A sure way to derail ongoing development of the heavy vehicle productivity agenda is to undermine reasonable cost recovery from the industry for legitimate infrastructure costs.

One of the results of the defeat of the legislation in the Senate is that state registration charges are now significantly out of step with the Federal Interstate Registration Scheme.

This is a ludicrous situation which will set back the case of national consistency which we all know is required.

I give you this commitment. I will never say one thing to industry and then do another.

I listened to the ATA and I delivered the safety and productivity package because it was good policy and made common sense.

I appreciate honesty and plain speaking and know it will provide a strong platform for the relationship between the Rudd Government and the ATA.

From time to time we will have minor disagreements but I am absolutely confident that we will have a constructive relationship for many years to come.

Ladies and gentlemen, the Government has a big infrastructure agenda.

The Government knows that if we don’t act now, the costs of inaction will continue to rise, and they will be felt by all sectors of the Australian community.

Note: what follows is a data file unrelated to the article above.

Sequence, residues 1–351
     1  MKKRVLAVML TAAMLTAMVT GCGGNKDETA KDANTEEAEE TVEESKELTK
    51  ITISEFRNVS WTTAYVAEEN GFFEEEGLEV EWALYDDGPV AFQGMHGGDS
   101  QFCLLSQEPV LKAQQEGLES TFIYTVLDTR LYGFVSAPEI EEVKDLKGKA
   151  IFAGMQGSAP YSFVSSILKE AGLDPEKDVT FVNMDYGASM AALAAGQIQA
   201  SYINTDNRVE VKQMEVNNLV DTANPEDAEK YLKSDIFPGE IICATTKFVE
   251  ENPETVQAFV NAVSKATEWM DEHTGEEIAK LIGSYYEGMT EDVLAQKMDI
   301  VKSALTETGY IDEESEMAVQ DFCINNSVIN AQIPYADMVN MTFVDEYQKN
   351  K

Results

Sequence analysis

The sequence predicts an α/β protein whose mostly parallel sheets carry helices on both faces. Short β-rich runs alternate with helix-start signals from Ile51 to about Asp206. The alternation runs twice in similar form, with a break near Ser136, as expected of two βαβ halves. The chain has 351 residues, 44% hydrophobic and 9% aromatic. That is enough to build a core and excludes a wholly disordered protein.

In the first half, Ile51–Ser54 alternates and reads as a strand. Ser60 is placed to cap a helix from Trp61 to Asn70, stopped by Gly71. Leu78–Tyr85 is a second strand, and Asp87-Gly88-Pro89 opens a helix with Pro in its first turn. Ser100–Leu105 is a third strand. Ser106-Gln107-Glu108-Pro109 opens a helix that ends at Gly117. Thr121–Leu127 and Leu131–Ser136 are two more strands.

Including, of course, Australia’s trucking industry.

We have put in place Infrastructure Australia, established the $20 billion dollar Building Australia Fund, and are developing a truly national transport policy.

We will build on these initiatives in the years ahead, and I look forward to trucking industry’s involvement as we do this.

I’m confident that by working together we can continue to grow the prosperity of your industry, and put in place the reforms necessary to keep Australia moving forward.

May 28, 2008

Certainty & Fairness for Community Groups misled by Former Government

Certainty & Fairness for Community Groups misled by Former Government

MEDIA RELEASE

The Hon Anthony Albanese

Minister for Infrastructure, Transport,

Regional Development and Local Government

Leader of the House

Member for Grayndler

28 May 2008